“Funny, quirky, and sooooo different.”

—Jo Michaels, Jo Michaels Blog

“Eccentric and Funny. You have never read anything like this book. It demands respect for the outrageous capacity of its author to describe in detail human behavior around death.”

—Charlene Jones, author THE STAIN

“The macabre black comedy Heuer Lost And Found, written by A.B. Funkhauser, is definitely a different sort of book!  You will enjoy this book with its mixture of horror and humour.”

—Diana Harrison, Author ALWAYS AND FOREVER

“This beautifully written, quirky, sad, but also often humorous story of Heuer and Enid gives us a glimpse into the fascinating, closed world of the funeral director.”

—Yvonne Hess, Charter Member, The Brooklin 7

“The book runs the gamut of emotions. One minute you want to cry for the characters, the next you are uncontrollably laughing out loud, and your husband is looking at you like you lost your mind, at least mine did.”

“The writing style is racy with no words wasted.”


“For a story centered around death, it is full of life.”


“Like Breaking Bad’s Walter White, Heuer is not a likeable man, but I somehow found myself rooting for him. A strange, complicated character.”

—Kasey Balko, Pickering, Ontario

Raw, clever, organic, intriguing and morbid at the same time … breathing life and laughter into a world of death.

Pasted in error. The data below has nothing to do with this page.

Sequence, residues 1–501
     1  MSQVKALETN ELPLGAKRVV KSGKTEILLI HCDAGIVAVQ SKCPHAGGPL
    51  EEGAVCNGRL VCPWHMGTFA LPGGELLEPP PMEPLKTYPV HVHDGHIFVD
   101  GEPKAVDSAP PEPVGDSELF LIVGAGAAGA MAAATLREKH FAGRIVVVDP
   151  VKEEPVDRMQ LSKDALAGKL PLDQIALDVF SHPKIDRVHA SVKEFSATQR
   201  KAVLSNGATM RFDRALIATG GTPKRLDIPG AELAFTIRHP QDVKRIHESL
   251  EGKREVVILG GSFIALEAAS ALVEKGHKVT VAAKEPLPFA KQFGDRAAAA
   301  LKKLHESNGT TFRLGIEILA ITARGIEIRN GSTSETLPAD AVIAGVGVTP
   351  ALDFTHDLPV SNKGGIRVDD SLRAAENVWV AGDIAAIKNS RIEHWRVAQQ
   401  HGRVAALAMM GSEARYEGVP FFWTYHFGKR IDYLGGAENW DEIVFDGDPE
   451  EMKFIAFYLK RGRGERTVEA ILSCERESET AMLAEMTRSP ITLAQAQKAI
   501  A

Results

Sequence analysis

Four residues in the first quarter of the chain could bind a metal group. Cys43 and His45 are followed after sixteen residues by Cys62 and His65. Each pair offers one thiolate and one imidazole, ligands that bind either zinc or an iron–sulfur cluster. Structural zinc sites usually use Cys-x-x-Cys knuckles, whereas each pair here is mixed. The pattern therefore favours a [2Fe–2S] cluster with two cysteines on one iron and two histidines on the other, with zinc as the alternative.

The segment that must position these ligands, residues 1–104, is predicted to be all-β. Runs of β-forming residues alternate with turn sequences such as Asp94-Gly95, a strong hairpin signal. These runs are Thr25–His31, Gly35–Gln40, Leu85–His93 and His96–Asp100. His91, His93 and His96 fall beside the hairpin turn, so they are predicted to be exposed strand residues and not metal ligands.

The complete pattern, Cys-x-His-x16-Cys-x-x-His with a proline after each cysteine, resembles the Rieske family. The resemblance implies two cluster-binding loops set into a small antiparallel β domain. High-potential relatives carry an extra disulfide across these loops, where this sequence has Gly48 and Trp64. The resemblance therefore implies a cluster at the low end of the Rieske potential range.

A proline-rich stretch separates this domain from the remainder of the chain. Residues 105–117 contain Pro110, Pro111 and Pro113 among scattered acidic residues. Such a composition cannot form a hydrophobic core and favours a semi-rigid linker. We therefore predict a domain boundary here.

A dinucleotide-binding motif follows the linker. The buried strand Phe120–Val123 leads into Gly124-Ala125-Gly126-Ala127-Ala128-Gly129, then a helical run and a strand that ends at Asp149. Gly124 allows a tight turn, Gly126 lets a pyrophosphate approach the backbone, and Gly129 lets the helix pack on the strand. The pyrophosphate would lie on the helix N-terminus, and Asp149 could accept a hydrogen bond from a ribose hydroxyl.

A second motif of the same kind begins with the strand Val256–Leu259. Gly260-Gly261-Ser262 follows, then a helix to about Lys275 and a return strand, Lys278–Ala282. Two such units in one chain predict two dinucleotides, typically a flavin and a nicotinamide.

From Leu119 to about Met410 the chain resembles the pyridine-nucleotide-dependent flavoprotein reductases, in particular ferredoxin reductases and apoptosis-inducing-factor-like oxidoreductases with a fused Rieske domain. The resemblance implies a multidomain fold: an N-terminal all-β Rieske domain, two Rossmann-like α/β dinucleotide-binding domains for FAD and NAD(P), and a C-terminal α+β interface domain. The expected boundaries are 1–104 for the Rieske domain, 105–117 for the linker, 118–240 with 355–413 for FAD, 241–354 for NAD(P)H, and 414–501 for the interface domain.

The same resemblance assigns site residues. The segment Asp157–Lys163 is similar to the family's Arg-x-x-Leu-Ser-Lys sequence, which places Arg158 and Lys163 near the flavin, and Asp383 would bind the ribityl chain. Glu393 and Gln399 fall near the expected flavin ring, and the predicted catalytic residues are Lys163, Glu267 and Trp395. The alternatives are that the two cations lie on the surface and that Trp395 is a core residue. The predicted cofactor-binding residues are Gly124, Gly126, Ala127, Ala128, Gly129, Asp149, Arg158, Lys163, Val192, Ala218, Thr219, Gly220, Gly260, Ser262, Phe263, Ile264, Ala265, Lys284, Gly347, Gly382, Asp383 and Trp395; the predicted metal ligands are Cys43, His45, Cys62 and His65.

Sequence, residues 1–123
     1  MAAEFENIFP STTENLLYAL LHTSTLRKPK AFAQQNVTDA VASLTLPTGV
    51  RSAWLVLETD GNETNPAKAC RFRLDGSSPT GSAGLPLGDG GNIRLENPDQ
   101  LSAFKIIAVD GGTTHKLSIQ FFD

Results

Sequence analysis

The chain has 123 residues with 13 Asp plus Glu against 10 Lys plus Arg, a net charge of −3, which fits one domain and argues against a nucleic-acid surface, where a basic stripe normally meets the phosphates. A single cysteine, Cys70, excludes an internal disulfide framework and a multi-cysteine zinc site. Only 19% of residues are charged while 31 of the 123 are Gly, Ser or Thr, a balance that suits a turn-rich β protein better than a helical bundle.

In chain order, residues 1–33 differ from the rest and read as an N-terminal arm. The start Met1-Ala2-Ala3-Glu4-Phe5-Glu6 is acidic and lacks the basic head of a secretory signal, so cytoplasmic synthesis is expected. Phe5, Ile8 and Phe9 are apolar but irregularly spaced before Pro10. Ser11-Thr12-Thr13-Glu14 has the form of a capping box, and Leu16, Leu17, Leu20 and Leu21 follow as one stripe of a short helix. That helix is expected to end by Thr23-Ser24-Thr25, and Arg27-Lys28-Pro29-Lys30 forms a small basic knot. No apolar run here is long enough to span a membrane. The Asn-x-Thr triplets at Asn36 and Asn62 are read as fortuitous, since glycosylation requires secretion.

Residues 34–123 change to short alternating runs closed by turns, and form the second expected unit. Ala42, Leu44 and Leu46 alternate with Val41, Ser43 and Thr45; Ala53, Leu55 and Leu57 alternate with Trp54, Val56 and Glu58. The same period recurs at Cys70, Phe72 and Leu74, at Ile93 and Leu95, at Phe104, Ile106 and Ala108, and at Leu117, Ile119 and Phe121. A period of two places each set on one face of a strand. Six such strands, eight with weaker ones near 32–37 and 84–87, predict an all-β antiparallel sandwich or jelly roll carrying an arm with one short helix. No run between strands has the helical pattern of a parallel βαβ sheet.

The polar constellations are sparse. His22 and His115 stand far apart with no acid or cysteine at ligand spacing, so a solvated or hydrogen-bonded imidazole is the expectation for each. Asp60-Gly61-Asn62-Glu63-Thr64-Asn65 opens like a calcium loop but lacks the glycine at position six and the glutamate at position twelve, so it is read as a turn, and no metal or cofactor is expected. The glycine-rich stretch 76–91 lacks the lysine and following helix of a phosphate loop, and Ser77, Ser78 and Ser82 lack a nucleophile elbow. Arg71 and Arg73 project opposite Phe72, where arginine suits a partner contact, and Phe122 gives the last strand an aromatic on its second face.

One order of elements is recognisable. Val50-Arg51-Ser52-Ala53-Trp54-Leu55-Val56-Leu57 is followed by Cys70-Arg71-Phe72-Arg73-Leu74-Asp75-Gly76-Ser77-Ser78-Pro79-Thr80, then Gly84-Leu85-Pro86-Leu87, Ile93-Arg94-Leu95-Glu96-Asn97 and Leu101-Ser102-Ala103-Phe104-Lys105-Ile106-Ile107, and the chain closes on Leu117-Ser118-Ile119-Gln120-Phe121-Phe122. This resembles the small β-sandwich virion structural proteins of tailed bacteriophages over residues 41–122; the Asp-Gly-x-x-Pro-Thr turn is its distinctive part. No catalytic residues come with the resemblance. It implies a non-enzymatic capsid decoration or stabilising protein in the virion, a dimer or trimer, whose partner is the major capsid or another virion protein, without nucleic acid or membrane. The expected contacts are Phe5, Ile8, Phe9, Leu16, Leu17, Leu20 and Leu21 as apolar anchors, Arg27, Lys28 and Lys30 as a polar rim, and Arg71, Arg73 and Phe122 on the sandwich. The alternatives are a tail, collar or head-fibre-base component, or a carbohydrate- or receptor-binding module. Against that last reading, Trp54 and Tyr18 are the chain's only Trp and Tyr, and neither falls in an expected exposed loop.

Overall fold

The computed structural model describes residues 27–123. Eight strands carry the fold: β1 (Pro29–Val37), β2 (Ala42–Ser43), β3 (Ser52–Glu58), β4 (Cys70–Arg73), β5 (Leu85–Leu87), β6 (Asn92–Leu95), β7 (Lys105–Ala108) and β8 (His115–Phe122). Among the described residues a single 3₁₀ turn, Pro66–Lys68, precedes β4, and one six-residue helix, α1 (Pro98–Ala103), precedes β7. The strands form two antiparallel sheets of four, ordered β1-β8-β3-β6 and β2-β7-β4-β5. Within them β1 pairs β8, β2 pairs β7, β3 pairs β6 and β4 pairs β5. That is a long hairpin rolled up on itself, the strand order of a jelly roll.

—Josie Montano, Author VEILED SECRETS






New from the land of gonzo

A city divided;

A community under seige;

Conflicting values;

And the death of a beloved.

What will it take to right the wrongs? A line in the pavement.

Aging managing director Charlie Forsythe begins his work day with a phone call to Jocasta Binns, the unacknowledged illegitimate daughter of Weibigand Funeral Home founder, Karl Heinz Sr. Alma Wurtz, a scooter bound sextenarian, community activist, and neighborhood pain in the ass is emptying her urine into the flower beds, killing the petunias. Jocasta cuts him off, reminding him that a staff meeting has been called. Charlie, silenced, is taken aback: he has had no prior input into the meeting and that, on its own, makes it sinister.

The second novel in the UNAPOLOGETIC LIVES series, SCOOTER NATION takes place two years after HEUER LOST AND FOUND. This time, funeral directors Scooter Creighton and Carla Moretto Salinger Blue take centre stage as they battle conflicting values, draconian city by-laws, a mendacious neighborhood gang bent on havoc, and a self absorbed fitness guru whose presence shines an unwanted light on their quiet Michigan neighborhood.



The old humpback with the cloudy eyes and Orwellian proletarian attitude pushed past the young embalmer with a curt “Entschuldigen Sie bitte!—Excuse me!” That Charles E. Forsythe, bespectacled and too tall for his own good, didn’t speak a word of German was incidental. The man grunting at him, or, more accurately, through him was Weibigand senior embalmer Heino Schade, who’d been gossiped about often enough at Charlie’s previous place of employ: “Weibigand’s,” the hairdresser winked knowingly, “is like a Stalag. God only knows where the lampshades come from.”

Whether she was referring to Schade specifically or the Weibigand’s generally didn’t matter. What he gleaned from the talk and what he took with him when he left to go work for them was that he was not expected to understand, only to follow orders.

Schade, muttering over a cosmetic pot that wouldn’t open, suddenly tossed it; the airborne projectile missing Charlie’s black curls by inches. Jumping out of the way, he wondered what to do next.